Ten 'red list' bird species spotted during Big Farmland Bird Count in Cumbria

Ten 'red list' bird species spotted during Big Farmland Bird Count in Cumbria

Ten 'red list' bird species spotted during Big Farmland Bird Count in Cumbria

First published in News

CUMBRIAN farmers recorded 10 ‘red list’ species after rising to the challenge of the first annual Big Farmland Bird Count.

Some of the UK’s most rapidly declining species were spotted across the county in the Game & Wildlife Conservation Trust’s (GWCT) farmer-led survey.

These included Fieldfare, grey partridge, house sparrow, lapwing, linnet, redwing, skylark, song thrush, tree sparrow and yellow hammer.

More than 500 farmers, covering nearly half a million acres of UK farmland, participated in the count despite it being the wettest winter since records began.

In total, farmers recorded seeing 116 different types of birds, and six red-listed data species appeared in the top 25 of birds counted.

A GWCT spokesperson said: “We did not have as many farmers as hoped in Cumbria, however, the number and variety of birds seen during the count week was really impressive, with many red listed species such as Lapwing, starling, linnet, corn bunting and skylark appearing on the farms in reasonable numbers.

“We were particularly delighted to see that more than 10 grey partridges were included in the Cumbria count, which was an extremely exciting revelation as these are one of our fastest declining farmland bird species and sadly in many areas they are now locally extinct.

“So this was a great achievement and identifies the range of intensive conservation work being implemented by farmers to help the wonderful grey partridge.”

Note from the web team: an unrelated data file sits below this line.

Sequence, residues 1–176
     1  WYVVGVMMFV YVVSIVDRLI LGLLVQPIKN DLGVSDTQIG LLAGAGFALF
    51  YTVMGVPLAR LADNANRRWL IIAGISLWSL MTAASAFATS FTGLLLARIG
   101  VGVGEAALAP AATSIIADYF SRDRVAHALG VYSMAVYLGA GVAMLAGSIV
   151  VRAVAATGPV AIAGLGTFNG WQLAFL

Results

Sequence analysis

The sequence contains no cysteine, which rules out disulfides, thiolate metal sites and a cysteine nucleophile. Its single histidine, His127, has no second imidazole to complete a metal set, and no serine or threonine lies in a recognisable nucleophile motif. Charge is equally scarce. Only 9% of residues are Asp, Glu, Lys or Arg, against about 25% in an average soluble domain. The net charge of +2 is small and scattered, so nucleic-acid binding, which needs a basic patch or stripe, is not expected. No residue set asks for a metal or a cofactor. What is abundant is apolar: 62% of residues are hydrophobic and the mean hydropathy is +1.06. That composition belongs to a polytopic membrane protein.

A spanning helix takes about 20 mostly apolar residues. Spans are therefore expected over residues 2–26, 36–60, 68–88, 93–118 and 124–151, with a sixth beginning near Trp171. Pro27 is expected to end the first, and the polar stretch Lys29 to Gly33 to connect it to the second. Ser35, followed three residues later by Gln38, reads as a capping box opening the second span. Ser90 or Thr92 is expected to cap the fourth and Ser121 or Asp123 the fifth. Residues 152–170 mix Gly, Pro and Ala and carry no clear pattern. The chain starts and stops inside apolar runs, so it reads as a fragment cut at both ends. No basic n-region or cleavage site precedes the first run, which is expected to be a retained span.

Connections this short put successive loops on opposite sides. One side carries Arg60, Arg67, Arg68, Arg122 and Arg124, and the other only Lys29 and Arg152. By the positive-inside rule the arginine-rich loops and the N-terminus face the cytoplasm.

Birds of prey also featured well in the Cumbria figures with local farmers seeing buzzards, sparrowhawks, red kite and kestrel.

In addition large flocks of fieldfare, redwing, starling and yellowhammer were well represented in the survey.

The spokesperson went on to say: “The GWCT’s Big Farmland Bird Count certainly captured the imagination of the farming industry and we were delighted with the response.

“Next year we are hoping that even more farmers from Cumbria will come forward and participate in the survey.

“The evidence we have gathered this year on just a few farms demonstrates the wide variety of species that are out there, and reinforces the fact that there is some very good conservation work being carried out by local farmers.”

The second Big Farmland Bird Count will take place during the week of February 7-15 2015 and will help the GWCT to continue building a comprehensive picture of how over-wintering birds are faring on UK farmland.

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